Alligator body language: a short photo essay

It was March at Sweetwater Wetlands Park (Gainesville, FL), and bull alligators were defending their territories.

This bull alligator had just crossed the pond, where an even larger male sunned itself in the company of a much smaller female. He parked himself near the embankment, crossing the tip of his rival’s snout, which was pointed toward the water. All was still, and then a great splash. Both males disappeared beneath the surface of the pond.

After a few minutes, the challenging male reappeared and returned to his original spot among floating Pennywort mats.

As I cross a bridge, I spot him in the water. At first he ignores me.

As I continue taking pictures, he pushes his snout into the water and moves it back and forth. I realize now this is a first-level warning.

Next, he rolls his massive head to the side, exposing his teeth.

Then exposes his full, open mouth.

A raised head is a full territorial challenge. He has declared me an intruder and warns that he will defend this area. However, being a stupid human, I am too busy staring at the black screen on my camera to receive his message.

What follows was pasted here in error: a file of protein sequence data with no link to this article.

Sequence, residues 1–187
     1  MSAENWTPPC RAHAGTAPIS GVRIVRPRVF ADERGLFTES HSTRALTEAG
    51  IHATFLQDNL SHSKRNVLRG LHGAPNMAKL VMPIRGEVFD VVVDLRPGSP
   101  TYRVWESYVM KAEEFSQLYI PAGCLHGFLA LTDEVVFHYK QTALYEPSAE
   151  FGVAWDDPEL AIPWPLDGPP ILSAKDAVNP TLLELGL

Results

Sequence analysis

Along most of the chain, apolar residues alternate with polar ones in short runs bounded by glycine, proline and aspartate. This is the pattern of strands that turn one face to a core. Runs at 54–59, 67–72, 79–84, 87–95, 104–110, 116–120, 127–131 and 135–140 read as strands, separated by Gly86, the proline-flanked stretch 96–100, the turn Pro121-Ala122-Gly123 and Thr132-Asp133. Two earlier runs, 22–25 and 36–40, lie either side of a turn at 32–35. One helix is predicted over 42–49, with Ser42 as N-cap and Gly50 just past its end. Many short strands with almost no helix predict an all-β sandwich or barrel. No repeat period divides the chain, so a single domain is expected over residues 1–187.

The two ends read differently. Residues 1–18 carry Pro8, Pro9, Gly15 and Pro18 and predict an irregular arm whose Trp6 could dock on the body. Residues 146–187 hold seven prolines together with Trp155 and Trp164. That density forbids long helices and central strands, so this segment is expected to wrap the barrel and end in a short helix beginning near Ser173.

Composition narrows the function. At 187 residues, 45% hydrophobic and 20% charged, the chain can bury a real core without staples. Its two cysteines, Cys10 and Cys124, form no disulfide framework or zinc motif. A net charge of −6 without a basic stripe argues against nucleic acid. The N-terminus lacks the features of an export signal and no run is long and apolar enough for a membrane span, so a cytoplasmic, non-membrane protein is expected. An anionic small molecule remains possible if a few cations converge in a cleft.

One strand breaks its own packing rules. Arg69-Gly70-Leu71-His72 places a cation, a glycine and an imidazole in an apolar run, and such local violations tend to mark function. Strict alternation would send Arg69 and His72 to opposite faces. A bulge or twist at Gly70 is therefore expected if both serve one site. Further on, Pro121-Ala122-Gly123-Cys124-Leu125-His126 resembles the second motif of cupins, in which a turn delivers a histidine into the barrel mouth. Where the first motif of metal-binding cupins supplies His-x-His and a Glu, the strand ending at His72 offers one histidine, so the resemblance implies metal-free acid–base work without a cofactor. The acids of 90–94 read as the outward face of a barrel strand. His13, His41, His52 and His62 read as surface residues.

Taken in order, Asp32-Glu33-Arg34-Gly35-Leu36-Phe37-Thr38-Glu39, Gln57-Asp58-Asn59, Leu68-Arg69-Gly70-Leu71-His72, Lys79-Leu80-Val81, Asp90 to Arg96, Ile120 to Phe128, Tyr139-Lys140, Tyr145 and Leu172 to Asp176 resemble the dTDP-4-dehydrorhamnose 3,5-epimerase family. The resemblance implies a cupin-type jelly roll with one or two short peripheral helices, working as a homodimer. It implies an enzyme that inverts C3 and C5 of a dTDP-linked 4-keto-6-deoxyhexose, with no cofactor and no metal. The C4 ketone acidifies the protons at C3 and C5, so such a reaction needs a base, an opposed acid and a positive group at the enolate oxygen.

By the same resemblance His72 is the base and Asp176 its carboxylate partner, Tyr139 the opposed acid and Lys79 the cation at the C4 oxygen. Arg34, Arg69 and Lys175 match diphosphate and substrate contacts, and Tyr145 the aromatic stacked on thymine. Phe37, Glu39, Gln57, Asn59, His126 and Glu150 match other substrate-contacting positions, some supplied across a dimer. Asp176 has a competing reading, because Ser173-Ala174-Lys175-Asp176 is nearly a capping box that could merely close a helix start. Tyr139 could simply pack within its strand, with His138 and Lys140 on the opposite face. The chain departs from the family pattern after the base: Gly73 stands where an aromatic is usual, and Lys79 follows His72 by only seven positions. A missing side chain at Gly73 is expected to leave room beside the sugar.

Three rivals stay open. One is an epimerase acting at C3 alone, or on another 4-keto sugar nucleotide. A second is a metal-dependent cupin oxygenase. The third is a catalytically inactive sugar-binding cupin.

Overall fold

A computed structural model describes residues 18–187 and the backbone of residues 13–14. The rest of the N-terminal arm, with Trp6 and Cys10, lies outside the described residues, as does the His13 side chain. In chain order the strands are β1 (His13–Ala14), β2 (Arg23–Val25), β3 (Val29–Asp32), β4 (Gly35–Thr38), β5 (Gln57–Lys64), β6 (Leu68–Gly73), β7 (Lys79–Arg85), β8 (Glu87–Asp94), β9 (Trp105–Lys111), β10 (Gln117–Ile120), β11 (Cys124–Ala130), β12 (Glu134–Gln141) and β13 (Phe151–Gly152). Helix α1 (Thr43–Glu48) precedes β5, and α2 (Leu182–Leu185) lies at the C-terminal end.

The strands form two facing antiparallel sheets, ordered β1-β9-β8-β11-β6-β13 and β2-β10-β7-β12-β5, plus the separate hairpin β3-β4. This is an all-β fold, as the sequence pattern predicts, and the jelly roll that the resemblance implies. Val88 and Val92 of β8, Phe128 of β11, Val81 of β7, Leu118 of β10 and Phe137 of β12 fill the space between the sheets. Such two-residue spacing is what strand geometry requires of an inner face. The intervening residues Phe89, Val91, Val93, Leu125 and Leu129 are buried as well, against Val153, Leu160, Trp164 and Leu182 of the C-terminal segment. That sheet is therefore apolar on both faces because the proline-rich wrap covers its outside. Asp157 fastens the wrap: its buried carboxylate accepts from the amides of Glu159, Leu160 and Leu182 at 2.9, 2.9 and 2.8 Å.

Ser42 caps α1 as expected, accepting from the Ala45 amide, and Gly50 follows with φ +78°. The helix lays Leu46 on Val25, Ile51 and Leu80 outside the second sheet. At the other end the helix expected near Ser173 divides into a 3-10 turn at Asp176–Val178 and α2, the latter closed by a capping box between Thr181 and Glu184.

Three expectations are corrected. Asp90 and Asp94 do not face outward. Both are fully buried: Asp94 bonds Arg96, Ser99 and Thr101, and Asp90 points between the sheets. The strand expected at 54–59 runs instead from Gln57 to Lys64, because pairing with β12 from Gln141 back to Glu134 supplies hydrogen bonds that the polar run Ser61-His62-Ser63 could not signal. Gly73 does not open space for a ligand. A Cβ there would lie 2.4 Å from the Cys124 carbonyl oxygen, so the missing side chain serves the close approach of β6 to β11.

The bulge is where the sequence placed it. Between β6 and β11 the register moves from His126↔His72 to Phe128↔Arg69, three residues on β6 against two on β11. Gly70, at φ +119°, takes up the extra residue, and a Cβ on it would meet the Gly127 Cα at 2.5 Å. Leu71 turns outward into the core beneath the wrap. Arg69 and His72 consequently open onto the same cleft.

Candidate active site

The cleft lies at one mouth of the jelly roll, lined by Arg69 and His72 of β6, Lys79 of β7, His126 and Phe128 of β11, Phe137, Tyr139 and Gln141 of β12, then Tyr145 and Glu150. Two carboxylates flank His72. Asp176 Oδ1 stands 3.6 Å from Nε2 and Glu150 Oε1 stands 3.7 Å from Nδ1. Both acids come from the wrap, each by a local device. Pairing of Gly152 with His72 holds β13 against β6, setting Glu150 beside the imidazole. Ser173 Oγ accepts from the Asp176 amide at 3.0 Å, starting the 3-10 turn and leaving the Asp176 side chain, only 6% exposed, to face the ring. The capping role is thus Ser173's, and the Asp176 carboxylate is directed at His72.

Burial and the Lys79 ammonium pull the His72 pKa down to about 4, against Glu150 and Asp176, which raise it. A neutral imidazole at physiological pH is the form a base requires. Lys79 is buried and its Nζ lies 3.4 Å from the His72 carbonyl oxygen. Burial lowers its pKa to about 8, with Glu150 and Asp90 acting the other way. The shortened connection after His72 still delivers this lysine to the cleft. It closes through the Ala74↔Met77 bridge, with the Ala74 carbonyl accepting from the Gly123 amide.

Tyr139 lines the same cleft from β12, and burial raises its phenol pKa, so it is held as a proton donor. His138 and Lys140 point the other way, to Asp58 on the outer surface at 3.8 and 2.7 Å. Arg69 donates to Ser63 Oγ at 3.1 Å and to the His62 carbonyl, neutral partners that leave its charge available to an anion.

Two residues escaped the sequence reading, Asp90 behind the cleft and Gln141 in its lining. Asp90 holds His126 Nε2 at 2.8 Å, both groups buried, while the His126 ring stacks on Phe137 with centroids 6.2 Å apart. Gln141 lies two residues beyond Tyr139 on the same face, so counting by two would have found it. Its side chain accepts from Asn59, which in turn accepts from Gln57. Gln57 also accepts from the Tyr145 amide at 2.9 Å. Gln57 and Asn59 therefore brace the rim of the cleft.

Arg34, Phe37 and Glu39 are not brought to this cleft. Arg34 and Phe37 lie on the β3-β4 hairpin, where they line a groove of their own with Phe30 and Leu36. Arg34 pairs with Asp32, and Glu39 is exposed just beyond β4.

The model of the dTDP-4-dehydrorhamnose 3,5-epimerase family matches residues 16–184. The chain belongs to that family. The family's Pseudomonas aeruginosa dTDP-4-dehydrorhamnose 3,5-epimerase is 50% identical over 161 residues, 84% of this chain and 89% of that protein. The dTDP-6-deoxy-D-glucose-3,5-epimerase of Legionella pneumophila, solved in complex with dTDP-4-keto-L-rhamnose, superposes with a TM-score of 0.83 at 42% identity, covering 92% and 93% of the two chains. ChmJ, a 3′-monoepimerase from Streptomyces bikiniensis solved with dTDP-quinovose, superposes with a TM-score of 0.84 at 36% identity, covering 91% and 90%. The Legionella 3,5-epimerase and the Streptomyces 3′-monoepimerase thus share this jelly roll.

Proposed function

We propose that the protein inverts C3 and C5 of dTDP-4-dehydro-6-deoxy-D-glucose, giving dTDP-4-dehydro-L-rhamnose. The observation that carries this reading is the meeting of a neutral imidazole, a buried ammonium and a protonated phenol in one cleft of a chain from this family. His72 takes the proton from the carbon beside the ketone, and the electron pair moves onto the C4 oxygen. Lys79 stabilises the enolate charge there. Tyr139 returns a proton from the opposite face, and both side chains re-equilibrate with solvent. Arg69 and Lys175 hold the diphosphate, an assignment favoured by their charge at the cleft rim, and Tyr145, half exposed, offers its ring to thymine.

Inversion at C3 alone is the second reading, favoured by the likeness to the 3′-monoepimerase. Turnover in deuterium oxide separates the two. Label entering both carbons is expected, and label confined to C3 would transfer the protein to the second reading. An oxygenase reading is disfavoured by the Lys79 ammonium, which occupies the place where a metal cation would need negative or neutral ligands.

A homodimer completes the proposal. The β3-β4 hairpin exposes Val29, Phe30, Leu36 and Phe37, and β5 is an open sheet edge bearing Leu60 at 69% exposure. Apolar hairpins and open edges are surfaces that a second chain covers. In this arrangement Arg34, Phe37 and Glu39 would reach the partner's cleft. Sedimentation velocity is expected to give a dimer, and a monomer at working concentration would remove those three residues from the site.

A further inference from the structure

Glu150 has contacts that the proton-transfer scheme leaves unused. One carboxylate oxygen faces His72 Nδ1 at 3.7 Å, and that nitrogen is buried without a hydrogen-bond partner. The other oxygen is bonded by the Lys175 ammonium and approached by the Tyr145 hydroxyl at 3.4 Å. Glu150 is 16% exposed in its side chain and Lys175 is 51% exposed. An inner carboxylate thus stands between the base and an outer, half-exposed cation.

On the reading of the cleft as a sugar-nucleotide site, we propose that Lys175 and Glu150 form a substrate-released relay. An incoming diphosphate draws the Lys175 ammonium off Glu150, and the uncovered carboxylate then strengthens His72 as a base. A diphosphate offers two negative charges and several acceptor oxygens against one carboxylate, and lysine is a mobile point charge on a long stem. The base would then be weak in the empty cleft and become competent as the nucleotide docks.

Soon another photographer joins me on the bridge, and the alligator leaves the conversation. He slips beneath one of the huge Pennywort mats and carries it on his back. With his body camouflaged, he drifts into the other mats and becomes nearly invisible.

The other photographer leaves, and I take a trail skirting the pond. As I walk past the Pennywort, the big bull drifts away from the field of vegetation. He still wears his Pennywort blanket, but his head sticks out and the mat floats toward me at a high rate of speed. This massive alligator is following me.

This time, I’m not tempted to take pictures. I’m a safe distance away and plan to keep it that way.

He continues to follow me until the trail turns and takes me away from the pond. But he’s doing his job, patrolling his territory and keeping an eye on interlopers—even strange, two-legged ones pointing cameras.

Published by cafsamsel

Carol Fullerton-Samsel is a nearly-native Floridian who lives with her husband of 25 years and three rescue animals. She is a [mostly] vegan, alcohol-free, [relatively] caffeine-free, Buddhist writer and day-hiker. Her novel, The Clones of Langston, was a Reader’s Favorite medalist and a New Century Writer Awards finalist. It tells the story of cloned workers who are abandoned to form their own society. As the facility housing them erodes, they discover a challenging new world—our own.

Leave a Reply

Fill in your details below or click an icon to log in:

WordPress.com Logo

You are commenting using your WordPress.com account. Log Out /  Change )

Google photo

You are commenting using your Google account. Log Out /  Change )

Twitter picture

You are commenting using your Twitter account. Log Out /  Change )

Facebook photo

You are commenting using your Facebook account. Log Out /  Change )

Connecting to %s

%d bloggers like this: